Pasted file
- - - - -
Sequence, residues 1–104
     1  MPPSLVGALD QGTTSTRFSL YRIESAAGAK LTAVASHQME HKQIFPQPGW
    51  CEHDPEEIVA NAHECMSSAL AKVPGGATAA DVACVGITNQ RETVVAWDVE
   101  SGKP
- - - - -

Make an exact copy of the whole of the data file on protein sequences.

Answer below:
Sequence, residues 1–104
     1  MPPSLVGALD QGTTSTRFSL YRIESAAGAK LTAVASHQME HKQIFPQPGW
    51  CEHDPEEIVA NAHECMSSAL AKVPGGATAA DVACVGITNQ RETVVAWDVE
   101  SGKP